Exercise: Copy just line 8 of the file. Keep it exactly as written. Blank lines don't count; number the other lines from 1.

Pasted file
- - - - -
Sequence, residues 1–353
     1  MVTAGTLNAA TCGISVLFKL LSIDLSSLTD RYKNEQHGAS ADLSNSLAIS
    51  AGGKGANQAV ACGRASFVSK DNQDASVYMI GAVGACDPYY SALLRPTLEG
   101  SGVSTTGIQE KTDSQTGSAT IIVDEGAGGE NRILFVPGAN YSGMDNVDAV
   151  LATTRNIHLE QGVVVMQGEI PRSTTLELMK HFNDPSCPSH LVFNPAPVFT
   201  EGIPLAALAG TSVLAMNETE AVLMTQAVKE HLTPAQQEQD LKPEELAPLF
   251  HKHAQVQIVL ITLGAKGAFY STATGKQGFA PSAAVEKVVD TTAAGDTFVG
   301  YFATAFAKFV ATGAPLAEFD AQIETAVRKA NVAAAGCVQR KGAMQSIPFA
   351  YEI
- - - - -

   301  YFATAFAKFV ATGAPLAEFD AQIETAVRKA NVAAAGCVQR KGAMQSIPFA